ISLAMABAD -  The Pakistan Muslim League-Nawaz (PML-N)-led government is planning to furnish details of unpaid electricity bills and power pilferage occurrences in constituencies mainly belonging to opposition lawmakers if the opposition kept on championing the power outages issue in the National Assembly in the future.

Government and opposition lawmakers recently locked horns in both houses of Parliament over the issue of prolonged power outages and electricity theft .

In the last sitting of the National Assembly, opposition lawmakers strongly criticised the PML-N government for ‘failing’ to control load-shedding in different parts of the country mainly in rural areas.

The government side has chalked out a strategy to counter the opposition criticism in and outside the Parliament by sharing the breakup of unpaid bills and electricity theft cases in constituencies mainly belonging to opposition lawmakers.

The government side has planned to share the details of unpaid bills of opposition lawmakers in the house to give a ‘tit-for-tat’ response to the opposition criticism, parliamentary sources told The Nation.

“The electricity pilferage details in constituencies of some main lawmakers have been compiled to present it on ‘appropriate time’,” the sources said.

The sources said that power ministry officials may soon be asked to prepare a detailed list of the power pilferage in different constituencies mainly belonging to opposition legislators while making a comparison between the total duration of the power cuts and the power theft occurrences.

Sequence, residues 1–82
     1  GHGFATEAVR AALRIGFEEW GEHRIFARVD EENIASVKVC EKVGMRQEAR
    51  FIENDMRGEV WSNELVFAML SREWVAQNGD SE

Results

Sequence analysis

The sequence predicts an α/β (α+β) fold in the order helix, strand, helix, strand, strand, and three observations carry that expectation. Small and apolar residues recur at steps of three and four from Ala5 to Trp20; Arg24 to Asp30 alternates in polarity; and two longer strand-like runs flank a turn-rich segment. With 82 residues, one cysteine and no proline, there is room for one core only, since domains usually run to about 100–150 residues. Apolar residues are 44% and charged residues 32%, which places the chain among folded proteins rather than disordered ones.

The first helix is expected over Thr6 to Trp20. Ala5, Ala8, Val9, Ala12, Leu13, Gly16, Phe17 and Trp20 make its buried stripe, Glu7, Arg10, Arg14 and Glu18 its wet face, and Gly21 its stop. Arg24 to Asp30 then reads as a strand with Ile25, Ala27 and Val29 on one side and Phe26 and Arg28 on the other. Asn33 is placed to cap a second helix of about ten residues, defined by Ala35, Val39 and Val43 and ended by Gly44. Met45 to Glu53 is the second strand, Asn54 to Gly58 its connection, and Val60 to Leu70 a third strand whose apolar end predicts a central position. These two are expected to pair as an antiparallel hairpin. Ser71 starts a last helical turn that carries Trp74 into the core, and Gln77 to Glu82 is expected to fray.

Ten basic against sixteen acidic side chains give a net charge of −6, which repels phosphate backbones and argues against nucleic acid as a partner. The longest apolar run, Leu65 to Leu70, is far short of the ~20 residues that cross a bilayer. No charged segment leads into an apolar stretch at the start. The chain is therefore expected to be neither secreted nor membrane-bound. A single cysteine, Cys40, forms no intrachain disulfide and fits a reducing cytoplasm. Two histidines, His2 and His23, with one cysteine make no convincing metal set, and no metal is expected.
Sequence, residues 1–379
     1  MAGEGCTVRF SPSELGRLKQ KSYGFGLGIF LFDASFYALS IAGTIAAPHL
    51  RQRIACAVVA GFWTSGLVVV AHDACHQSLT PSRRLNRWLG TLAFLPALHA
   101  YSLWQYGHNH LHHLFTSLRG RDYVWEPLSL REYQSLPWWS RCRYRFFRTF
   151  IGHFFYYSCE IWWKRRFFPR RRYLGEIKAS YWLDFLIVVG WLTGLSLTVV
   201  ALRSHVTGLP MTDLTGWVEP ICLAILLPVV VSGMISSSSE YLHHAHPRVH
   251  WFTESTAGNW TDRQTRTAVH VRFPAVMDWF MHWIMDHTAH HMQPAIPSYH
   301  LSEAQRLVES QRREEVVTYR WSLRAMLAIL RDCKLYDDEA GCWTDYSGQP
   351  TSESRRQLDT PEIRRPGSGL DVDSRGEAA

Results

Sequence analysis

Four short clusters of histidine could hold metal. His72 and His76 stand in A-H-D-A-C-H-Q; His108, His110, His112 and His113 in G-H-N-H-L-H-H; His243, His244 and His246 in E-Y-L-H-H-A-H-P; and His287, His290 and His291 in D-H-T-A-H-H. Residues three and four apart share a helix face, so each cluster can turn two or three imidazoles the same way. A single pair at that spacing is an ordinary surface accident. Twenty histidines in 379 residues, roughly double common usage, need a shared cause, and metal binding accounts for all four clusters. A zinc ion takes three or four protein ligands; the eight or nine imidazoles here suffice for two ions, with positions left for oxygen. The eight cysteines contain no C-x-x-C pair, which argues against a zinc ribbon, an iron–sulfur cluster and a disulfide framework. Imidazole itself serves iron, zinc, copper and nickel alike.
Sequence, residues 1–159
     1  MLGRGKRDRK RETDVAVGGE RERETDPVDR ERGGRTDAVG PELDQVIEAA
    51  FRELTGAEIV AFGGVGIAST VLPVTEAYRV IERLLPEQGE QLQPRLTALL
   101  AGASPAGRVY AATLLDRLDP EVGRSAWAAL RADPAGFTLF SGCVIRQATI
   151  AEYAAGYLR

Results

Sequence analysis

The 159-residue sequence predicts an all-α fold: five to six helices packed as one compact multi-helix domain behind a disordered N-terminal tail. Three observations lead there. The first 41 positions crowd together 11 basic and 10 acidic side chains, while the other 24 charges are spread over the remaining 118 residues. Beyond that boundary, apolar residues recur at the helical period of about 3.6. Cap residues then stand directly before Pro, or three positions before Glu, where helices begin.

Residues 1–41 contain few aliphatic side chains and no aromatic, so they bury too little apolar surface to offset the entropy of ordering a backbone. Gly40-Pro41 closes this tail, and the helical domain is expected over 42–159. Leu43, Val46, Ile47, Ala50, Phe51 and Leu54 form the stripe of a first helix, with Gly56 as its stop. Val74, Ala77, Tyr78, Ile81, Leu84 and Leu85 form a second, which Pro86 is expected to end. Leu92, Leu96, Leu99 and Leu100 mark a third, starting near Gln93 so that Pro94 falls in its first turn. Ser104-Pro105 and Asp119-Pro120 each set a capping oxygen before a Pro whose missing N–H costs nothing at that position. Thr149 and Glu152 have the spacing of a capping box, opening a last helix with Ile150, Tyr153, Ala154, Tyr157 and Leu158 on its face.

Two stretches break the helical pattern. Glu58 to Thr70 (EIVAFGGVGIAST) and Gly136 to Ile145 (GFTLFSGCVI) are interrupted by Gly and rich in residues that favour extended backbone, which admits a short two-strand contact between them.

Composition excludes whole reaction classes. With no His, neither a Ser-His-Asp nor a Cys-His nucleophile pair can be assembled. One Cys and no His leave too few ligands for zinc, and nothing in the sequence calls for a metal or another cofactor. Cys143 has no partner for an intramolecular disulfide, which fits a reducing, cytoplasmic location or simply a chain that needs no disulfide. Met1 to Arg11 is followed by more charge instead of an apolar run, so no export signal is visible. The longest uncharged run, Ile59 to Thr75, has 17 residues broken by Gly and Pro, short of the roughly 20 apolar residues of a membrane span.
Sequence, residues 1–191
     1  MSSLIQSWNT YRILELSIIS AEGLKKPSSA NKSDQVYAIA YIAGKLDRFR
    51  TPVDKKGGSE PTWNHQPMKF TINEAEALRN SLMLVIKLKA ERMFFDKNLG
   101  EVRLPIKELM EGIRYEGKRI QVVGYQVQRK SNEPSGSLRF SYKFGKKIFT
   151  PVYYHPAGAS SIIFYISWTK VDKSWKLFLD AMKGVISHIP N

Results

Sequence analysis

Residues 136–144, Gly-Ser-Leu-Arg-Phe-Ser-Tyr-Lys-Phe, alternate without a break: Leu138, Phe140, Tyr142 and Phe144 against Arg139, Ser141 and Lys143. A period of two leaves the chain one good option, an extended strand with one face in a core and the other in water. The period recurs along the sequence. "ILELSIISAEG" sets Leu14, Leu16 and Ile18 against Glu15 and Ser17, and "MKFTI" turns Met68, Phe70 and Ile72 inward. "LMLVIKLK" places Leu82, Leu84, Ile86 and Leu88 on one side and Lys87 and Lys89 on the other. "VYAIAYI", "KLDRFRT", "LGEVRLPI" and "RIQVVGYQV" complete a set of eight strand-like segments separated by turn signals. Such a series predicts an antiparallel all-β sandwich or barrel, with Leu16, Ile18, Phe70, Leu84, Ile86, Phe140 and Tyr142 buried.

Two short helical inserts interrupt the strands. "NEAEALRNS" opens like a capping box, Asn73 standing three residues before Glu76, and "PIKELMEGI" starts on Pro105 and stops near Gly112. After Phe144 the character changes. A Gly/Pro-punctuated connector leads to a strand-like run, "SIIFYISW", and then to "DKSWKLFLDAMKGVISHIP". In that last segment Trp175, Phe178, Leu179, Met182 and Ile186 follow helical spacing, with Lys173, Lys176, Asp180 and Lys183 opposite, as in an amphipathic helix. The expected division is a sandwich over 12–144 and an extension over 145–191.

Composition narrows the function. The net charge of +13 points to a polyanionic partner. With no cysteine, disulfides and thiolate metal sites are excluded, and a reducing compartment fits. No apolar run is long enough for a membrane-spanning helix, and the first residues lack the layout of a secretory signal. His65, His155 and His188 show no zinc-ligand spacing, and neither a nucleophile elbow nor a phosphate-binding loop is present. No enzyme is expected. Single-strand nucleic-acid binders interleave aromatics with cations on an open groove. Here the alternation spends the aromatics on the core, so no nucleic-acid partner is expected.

Minister for Water and power Khwaja Asif, on the last day of 42nd NA session, also lightly threatened the opposition to furnish details of ‘unpaid bills’ of some lawmakers.

Opposition leader in National Assembly Syed Khursheed Shah, in the last NA session, suggested the government share the detail of the load-shedding duration and other related matters in the house.

Talking to The Nation, PTI’s Ayesha Gulallai said that the federal government has failed to control the load-shedding issue. “People are compelled to raise their voices and stage protests...but the government is putting a deaf ear on it,” she said while referring to a recent protest in Peshawar over power outages and inflated bills .

 She had also raised her voice in the National Assembly on the issue.

The Muttahida Qaumi Movement even asked Khwaja Asif to tender resignation if he could not rein in K-electric.

Opposition lawmakers had demanded Khwaja Asif to apologise over his remarks against the people of KP and the PTI MNA, but he refused to take his words back.

The government will soon summon the National Assembly session to fulfil the constitutional obligation to complete 130 days in one parliamentary year.

The last National Assembly session was prorogued on May 18.

The government in the current parliamentary year will hardly be able to steer clear of violating the constitutional obligation.

The constitution makes it obligatory for the 342-seat lower house of parliament to be in session for a total of at least 130 days in each parliamentary year. The present house has still to meet for a couple of days.

The constitution, in clause (2) of its article 54, says “the National Assembly shall meet for not less than 130 working days in each year” — the “working days” included any day of a joint sitting of the two houses of parliament and up to two days of adjournment, such as a weekend recess.